The Israel Hotel Association (IHA) is furious with the Ministry of Religious Services after hotels have been asked to pay an addition of 30% for their kashrut certificates for the coming year.
According to a letter sent by the ministry, Religious Services Minister Naftali Bennett signed regulations regarding different services provided by the ministry in October 2013. The letter details the price each hotel is required to pay for a kashrut certificate, according to its size. The price refers only to the certificate and not to the cost of making the hotels kosher.
Tourism Ministry Director-General Amir Halevi said in response, "We recently held several meetings in a bid to try to reduce the kashrut costs, and raised a number of proposals which could definitely be effective without harming the kashrut itself.
"It's outrageous that precisely at this time, in the peak of the tourism crisis, while hotels are dealing with a collapse in their occupancy rates, they are being required to pay kashrut fees with an addition of tens of percentage points."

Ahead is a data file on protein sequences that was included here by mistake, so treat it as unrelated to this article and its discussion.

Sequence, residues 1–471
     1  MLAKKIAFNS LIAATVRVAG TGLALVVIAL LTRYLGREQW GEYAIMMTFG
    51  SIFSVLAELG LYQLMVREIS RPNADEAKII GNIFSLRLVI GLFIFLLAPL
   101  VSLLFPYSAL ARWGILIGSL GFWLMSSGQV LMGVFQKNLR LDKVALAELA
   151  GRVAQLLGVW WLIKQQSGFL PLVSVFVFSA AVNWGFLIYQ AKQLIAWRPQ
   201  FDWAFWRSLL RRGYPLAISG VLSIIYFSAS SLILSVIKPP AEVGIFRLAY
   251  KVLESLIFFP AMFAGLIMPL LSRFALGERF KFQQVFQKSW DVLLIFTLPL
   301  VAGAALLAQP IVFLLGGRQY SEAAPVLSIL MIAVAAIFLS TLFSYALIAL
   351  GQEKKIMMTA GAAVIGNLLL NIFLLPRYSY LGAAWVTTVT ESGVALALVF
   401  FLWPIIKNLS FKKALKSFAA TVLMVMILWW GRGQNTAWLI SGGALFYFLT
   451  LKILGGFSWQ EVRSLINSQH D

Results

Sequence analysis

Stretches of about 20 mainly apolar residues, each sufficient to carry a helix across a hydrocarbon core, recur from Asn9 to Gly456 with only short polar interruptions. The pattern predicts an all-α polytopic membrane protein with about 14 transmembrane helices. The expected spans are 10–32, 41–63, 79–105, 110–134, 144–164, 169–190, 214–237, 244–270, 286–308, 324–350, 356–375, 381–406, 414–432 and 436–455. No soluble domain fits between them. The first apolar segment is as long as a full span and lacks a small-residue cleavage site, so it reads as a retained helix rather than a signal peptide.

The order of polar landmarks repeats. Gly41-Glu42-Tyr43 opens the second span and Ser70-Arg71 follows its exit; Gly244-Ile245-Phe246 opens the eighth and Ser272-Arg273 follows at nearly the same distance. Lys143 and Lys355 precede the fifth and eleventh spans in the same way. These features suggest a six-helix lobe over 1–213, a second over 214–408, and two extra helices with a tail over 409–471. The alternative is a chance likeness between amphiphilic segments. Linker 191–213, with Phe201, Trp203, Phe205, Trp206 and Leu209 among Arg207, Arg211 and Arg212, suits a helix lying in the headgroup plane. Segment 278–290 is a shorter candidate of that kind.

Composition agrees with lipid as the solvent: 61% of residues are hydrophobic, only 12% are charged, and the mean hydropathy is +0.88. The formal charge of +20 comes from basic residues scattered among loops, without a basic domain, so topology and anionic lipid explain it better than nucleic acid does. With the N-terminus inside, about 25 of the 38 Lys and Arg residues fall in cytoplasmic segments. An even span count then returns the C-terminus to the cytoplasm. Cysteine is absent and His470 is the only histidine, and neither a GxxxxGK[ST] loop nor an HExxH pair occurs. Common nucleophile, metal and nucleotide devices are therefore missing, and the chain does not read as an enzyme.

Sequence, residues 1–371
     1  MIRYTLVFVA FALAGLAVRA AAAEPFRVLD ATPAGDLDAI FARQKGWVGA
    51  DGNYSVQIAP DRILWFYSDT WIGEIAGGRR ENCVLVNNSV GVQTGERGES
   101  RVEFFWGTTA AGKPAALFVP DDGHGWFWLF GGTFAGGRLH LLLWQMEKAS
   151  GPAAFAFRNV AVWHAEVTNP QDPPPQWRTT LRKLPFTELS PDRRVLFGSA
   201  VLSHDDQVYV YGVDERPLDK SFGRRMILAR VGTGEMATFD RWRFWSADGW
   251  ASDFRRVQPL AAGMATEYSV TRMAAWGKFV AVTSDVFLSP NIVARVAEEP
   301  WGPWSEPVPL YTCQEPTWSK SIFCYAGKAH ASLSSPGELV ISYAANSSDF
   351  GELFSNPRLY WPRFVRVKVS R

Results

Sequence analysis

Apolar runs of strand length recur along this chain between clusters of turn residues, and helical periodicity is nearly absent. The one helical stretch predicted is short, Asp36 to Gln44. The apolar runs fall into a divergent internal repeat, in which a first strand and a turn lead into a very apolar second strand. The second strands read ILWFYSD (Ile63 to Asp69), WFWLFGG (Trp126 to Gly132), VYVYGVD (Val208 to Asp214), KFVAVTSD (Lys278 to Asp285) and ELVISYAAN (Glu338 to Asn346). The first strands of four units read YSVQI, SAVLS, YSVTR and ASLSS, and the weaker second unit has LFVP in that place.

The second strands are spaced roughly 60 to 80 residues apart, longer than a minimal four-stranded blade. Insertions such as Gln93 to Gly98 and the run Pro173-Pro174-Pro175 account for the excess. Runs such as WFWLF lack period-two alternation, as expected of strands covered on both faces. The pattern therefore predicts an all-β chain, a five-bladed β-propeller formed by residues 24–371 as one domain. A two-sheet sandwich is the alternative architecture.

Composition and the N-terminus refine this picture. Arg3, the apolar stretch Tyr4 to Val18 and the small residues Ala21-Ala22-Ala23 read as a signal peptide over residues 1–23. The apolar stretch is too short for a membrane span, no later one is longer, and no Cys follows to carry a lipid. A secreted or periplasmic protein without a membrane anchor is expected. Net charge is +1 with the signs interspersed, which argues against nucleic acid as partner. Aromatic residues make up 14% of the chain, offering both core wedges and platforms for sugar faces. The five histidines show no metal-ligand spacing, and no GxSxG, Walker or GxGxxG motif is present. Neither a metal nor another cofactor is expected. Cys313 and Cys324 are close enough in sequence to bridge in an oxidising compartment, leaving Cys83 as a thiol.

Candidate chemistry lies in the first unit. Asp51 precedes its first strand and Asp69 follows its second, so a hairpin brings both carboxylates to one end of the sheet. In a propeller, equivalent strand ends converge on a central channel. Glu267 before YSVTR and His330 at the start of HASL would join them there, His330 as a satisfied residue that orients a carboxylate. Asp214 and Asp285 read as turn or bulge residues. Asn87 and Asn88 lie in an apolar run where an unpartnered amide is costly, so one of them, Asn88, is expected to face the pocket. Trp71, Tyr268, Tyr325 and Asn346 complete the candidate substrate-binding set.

Halevi added that "it's unthinkable that while one hands works to reduce the excess regulation which makes vacations in Israel more expensive, the other hand acts against this regulation. This will be handled in the firmest manner."
IHA Director Shmuel Zurel defined the decision to raise the cost of kashrut certificates as a scandal. In an urgent appeal to the Tourism Ministry, he wrote: "At a really perfect timing, at the peak of a crisis, hotels have been required to pay an addition for their kashrut certificates. One hand works to reduce vacation prices in a bid to help the hotels deal with a serious crisis, and the other hand raises prices by 30%."
He demanded that the ministry take swift action to stop the price hike.
Lior Raviv, CEO of the Isrotel hotel chain noted that hotels have to pay for the kashrut certificate in addition to the millions of shekels they pay for the kashrut process itself. "In Isrotel, for example, the kashrut costs the chain's hotels about NIS 3 million ($830,000) a year," he said.
A hotel manager we spoke to on Monday, who asked to remain anonymous, said that "while hotels charge hundreds and sometimes thousands of shekels for a room per night, and are unable to even serve their guests an espresso on Shabbat, they are being asked to pay huge sums of money for kashrut certificates which reflect no progress."